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The Top Five Must See Historical Places in New York City

Food, new york, new york city travel, New York History, new york travel, restaurants, Uncategorized

The Top Five Must See Historical Places in New York City – By Ray Chin

Everyone knows that New York City is rich in history, and most realize that is an evolving city as well.  If you know where to look, you can still discover bits of NYC’s past.  From Fraunces Tavern to Grand Central Terminal, here are the top five must see historical places in New York City.

Grand Central Terminal

Grand Central Terminal (89 E 42nd St) first opened in 1913 and it is still a major transportation hub.  Here is a fun fact: there is a hidden train track in Grand Central Terminal, Track 61. This track was used to transport President Franklin D. Roosevelt to NYC.  Also the famous constellations on the ceiling are actually reversed, so that one would see the ceiling as how the gods would view the stars. There are quite a few secrets about the Grand Central Terminal, such as the whispering gallery and a hidden bar. To find out more about these secrets, we suggest taking a scavenger hunt or a tour of Grand Central Terminal.

Wall Street and The New York Stock Exchange

Wall Street and the New York Stock Exchange (11 Wall Street) are the financial center of the world.  One of the more interesting facts about Wall Street is that back on September 16, 1920, Wall Street was attacked by terrorists and they were never caught.  If you are visiting the area today, you can still see some of the damage from this attack on 23 Wall Street, 95 years later.

Bloody Angle

Doyers Street is a quite unassuming street in the heart of Chinatown but it hides a dark history.  It was once the bloodiest street in the United States with more violent deaths occurred here than any other street in the USA.  The secret passageways that were once used as an escape route are now the location of a few small businesses. Today, Doyers Street is the home to the popular restaurant, Nom Wah Tea Parlor (13 Doyers St), the oldest tea parlor in Chinatown.  You can learn more about the fascinating history of Chinatown and Little Italy and sample some of Nom Wah’s delicious

 dim sum on a Chinatown and Little Italy food tour  from Ahoy New York Tours & Tasting.

 Fraunces Tavern

Fraunces Tavern (54 Pearl St) is the oldest bar in New York City.  It played an important role before, during and after the American Revolution.  It served as the headquarters for George Washington and it was a venue for the peace talks with the British.  Today it is a restaurant and museum and visiting Fraunces Tavern is truly a blast from the past.

Cleopatra’s Needle

There is an obelisk on the east side of Central Park on 81st Street that seems out of place in New York City.  The obelisk actually has nothing to do with Cleopatra and it was originally built in Heliopolis in 1450 BC.  Cleopatra’s Needle is in fact the oldest man-made object in Central Park. The obelisk was a gift from Egypt to New York/US to increase trade between the two countries.  The New York obelisk is part of a pair with other obelisk located in London.

This is a guest post written by Ray Chin, a blogger for Ahoy New York Tours and Tasting, a walking food tour of two historic neighborhoods Chinatown and Little Italy.  With tastings ranging from creamy mozzarella from the oldest Italian cheese shop in America to the delicious original egg rolls from the oldest dim sum parlor in Chinatown, it is a ton of fun!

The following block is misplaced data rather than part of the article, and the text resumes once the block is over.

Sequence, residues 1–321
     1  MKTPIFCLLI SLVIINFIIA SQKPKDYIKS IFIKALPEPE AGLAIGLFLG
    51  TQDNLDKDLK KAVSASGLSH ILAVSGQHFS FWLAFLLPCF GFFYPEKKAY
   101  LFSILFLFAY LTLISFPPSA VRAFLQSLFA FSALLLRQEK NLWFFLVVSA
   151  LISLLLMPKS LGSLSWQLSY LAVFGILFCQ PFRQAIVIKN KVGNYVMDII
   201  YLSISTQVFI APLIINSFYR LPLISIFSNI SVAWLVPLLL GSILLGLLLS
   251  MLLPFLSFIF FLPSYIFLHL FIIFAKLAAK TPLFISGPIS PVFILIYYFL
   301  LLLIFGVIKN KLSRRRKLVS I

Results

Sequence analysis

First American Style Pizza?

cheesesteak, history of pizza, lombardis, new york, Philadelphia

You’ve got to love the internet. I was reading the blog DIGG co-founder Owen Byrne, noted the interesting Pizzaria picture at the top, could not make out the name, Googled the address, and wound up at Lombardi’s Pizza in New York, which claims to be the world’s first American Style Pizza and still the best as rated by Zagats and other sources:

In 1897 an Italian immigrant reinvented a Napoletana staple food into one of the worlds most eaten foods. New York City was the birth place of New York style pizza. During the year of 1905, Lombardi’s was licensed by the City of New York, becoming America’s First Pizzeria.

Hey, is this important history or what?

I should note that claims like this are not necessarily undisputed. In Philadelphia it seems there are a lot more than *one* inventor of the Philly Cheesesteak, but more about that on the next post….

New York City

new york, new york city travel, New York History

New York City is such a huge cultural and tourism icon it is very hard to effectively write a great set of New York travel tips. New York City remains one of the world’s great cities and most significant business addresses with tens of thousands of corporate headquarters and company offices. The New York Stock Exchange and Wall Street rank among the most important business venues in the world. New York is also a tourist mecca with restaurants and lodging of almost every conceivable type as well as globally known attractions like the Statue of Liberty and the Empire State Building. I have not been to New York City in many years, though I was lost in the Statue of Liberty as a kid. I still remember that lady of liberty with some trepidation.

Some excellent New York City Travel information links:

History of New York State

Intro Video from NYC Tourism (a very cool New York Video)

NYC Tourism Website

CitySearch New York City

The Gothamist – a savvy New Yorker Blogs about her city

Online Highways New York

Empire state building, new york, New York History

A worker building the Empire State Building in 1930 New York City. The Chrysler Building towers above the New York Cityscape but still well below what would become the world’s tallest building for many years.



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